Cost of crashing currency: How a falling Indian rupee can hit costs, pay, jobs

Aug 19 2013, 18:57 IST
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Over time, the depreciation will hit the common man in a number of ways. (Reuters) Over time, the depreciation will hit the common man in a number of ways. (Reuters)
SummaryOver time, the depreciation will hit the common man in a number of ways.

A fall in the value of the Indian rupee vs the US dollar has a cascading impact that is not restricted just to the super-rich or exporters and importers. Over time, the depreciation will hit the common man in a number of ways - costs, pay, jobs.

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For a country like India, which imports more goods and services that it can export out, a depreciating currency means higher prices of a number of daily consumption products. That’s a double whammy to the man on the street, who has already been reeling under the impact of double-digit consumer-level inflation for the last three years. A weak rupee means costlier crude oil, pulses, edible oil, fertiliser, medicine, iron ore and coal, all of which India imports in substantial quantities. Though not all of these are daily consumption items, variations in their prices have an indirect effect on household finances.

Related: Nine steps India can take to prevent rupee slide

Transported goods

Take, for example, crude oil. A weak rupee will lead to higher import prices. Since petrol is fully and diesel partialy decontrolled, oil marketing companies such as IOC and BPCL are free to hike their retail prices in tandem with the import-linked prices. Once the prices of both fuels increase progressively at the filling stations, it is followed by a cascading impact that is manifested in the form of an increase in transportation costs, leading to higher prices of goods that are transported from one part of the country to another, such as food, consumer durables and fast-moving consumer goods.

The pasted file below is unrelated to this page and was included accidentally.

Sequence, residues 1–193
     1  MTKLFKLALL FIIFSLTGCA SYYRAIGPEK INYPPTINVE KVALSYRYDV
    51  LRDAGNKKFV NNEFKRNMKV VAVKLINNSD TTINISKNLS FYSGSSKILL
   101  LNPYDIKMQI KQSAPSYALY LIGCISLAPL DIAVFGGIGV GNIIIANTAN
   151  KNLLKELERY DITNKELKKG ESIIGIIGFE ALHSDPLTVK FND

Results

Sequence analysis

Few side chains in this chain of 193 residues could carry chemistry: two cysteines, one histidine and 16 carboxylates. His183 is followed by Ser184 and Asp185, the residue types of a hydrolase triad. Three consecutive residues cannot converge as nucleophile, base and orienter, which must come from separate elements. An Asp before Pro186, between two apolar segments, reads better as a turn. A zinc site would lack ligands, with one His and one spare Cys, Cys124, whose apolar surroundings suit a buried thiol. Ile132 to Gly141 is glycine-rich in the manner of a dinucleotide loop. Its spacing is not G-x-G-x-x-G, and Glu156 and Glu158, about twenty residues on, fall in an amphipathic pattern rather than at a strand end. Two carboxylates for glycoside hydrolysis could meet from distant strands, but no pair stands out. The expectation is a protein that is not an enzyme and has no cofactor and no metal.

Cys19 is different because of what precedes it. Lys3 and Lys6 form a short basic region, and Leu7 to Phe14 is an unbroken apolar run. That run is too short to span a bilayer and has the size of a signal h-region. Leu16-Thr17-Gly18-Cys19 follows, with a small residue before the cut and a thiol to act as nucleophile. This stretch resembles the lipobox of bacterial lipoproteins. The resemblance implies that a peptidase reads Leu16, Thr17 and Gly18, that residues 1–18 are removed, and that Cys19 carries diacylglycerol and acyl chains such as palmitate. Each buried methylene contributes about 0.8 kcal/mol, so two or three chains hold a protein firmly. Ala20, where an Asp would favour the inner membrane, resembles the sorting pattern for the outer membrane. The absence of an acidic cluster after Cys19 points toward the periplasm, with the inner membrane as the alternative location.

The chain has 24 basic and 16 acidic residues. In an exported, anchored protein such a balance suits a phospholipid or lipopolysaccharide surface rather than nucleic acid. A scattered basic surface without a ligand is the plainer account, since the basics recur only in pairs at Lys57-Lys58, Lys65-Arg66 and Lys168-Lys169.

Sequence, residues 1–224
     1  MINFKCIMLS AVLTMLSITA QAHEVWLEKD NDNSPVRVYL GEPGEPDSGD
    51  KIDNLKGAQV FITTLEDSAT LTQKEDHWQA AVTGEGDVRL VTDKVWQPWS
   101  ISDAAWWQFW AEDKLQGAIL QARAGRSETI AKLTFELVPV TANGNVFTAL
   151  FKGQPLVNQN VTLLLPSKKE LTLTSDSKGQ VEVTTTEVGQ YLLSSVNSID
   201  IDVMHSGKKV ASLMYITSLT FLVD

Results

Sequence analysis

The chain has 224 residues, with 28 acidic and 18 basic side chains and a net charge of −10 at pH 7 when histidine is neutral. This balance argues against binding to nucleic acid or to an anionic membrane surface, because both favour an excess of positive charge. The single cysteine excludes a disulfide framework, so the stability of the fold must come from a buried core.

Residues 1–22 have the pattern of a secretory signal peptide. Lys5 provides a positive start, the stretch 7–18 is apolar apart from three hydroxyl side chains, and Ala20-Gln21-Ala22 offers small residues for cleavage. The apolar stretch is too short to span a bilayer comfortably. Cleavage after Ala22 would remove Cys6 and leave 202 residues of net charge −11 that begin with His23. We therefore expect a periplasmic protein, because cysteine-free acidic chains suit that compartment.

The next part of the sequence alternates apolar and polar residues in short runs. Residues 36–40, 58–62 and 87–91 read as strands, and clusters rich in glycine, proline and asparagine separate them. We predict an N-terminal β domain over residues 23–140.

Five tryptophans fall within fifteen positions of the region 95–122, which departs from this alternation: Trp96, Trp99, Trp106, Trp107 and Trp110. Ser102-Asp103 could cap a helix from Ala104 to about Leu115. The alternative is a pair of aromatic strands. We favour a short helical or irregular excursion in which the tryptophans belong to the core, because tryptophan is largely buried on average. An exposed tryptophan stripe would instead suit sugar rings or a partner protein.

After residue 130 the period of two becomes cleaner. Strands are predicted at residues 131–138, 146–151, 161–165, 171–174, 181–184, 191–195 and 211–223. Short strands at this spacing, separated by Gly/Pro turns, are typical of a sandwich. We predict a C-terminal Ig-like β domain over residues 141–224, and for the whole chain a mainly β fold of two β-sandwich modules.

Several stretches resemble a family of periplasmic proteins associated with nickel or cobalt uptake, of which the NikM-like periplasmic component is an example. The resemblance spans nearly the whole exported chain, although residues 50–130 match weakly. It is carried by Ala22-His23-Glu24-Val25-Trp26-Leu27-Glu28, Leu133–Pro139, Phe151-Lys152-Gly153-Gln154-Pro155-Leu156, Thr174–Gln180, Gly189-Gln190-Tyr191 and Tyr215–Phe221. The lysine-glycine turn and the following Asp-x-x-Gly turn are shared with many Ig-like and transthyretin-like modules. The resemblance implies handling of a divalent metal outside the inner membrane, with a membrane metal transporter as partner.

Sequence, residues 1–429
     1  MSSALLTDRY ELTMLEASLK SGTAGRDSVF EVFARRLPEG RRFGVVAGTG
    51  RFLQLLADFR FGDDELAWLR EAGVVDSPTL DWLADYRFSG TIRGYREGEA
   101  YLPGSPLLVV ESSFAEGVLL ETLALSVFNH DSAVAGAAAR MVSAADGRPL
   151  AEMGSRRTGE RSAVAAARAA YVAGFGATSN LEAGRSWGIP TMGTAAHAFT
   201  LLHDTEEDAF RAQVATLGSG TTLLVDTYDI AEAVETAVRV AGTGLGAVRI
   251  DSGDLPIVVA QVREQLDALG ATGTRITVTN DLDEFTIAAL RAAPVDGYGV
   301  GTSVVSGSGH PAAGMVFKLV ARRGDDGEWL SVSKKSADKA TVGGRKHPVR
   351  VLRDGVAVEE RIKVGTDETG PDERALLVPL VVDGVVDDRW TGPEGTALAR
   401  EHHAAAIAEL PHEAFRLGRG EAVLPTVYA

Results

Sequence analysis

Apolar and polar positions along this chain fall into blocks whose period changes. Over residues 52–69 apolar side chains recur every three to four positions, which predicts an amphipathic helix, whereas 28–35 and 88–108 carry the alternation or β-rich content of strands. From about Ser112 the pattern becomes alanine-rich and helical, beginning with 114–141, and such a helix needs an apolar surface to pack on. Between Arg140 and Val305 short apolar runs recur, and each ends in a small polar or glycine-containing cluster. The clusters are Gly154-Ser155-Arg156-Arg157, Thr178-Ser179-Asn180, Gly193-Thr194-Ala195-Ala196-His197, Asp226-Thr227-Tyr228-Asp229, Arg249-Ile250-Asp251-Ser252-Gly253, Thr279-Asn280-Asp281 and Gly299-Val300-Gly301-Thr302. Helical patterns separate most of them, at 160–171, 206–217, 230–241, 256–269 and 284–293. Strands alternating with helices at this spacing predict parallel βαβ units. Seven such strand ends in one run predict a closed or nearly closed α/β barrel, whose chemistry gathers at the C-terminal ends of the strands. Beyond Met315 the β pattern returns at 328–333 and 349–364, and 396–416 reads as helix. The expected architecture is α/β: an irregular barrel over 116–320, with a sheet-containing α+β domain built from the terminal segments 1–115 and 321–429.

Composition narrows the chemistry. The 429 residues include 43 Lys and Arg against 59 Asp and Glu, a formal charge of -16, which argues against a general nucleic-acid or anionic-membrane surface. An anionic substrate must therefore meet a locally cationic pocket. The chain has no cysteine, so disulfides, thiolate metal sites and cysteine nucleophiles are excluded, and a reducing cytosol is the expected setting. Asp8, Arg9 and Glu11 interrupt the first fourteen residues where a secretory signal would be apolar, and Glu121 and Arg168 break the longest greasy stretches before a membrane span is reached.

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Among the sectors that would potentially take the biggest hit is automobiles, one of India’s largest manufacturing segments and a big employer. The impact of the falling rupee is likely to be three-pronged. As most automobile companies import components, they will have to hike costs of two-wheelers and cars. Some of these companies, including all those foreign-owned, will have to pay a higher royalty to parent firms. A pressure on margins could also mean firms being forced to cut down production, implying salary cuts and possible retrenchment.

Imported Parts

Manufacturers of consumer goods such as soaps, detergents and shampoos, where vegetable oil is a key ingredient, would need to hike prices as input price trends upwards. India imports about 60 per cent of its edible oil requirement; crude palm oil, whose prices generally set the pace for other edible oils, forms a big chunk of it. Pulses, too, account for a substantial chunk of India’s imports, and a weaker rupee will mean the prices of lentils in the market go upward. Electronic consumer goods such as computers, high-end TV sets and mobiles, which have imported components, are likely to be dearer.

Coal & other inputs

For a number of sectors, such as capital goods manufacturers, makers of industrial intermediaries such as tyre cords, and newspaper offices — all of which depend on imports for inputs such as components and newsprint — a falling rupee may force a tightening of costs elsewhere, including possible pay cuts and retrenchment. For sectors such as hospitality, where the cost of services is benchmarked to international levels, a depreciating currency means a lower discretionary spend by potential customers, forcing hoteliers into cost cuts.

Apart from oil and gas, India’s import list includes an increasing amount of thermal coal, used for generation of electricity. A falling rupee increases costs for power generating units, which would pass these on to distribution utilities, finally leading to higher electricity bills for consumers at large.

For a number of firms in the manufacturing sector that had gone in for foreign currency loans in the form of external commercial borrowings and foreign currency convertible bonds, a higher value of the rupee progressively escalates the repayment costs. This too would squeeze the margins of these firms, which could respond by laying off manpower or with salary cuts.


For industries that earn in dollars, such as the IT sector, an appreciating dollar would mean greater earnings from its overseas businesses. Families of NRIs remitting money from a foreign country to India will get more rupees as repatriation goes up.

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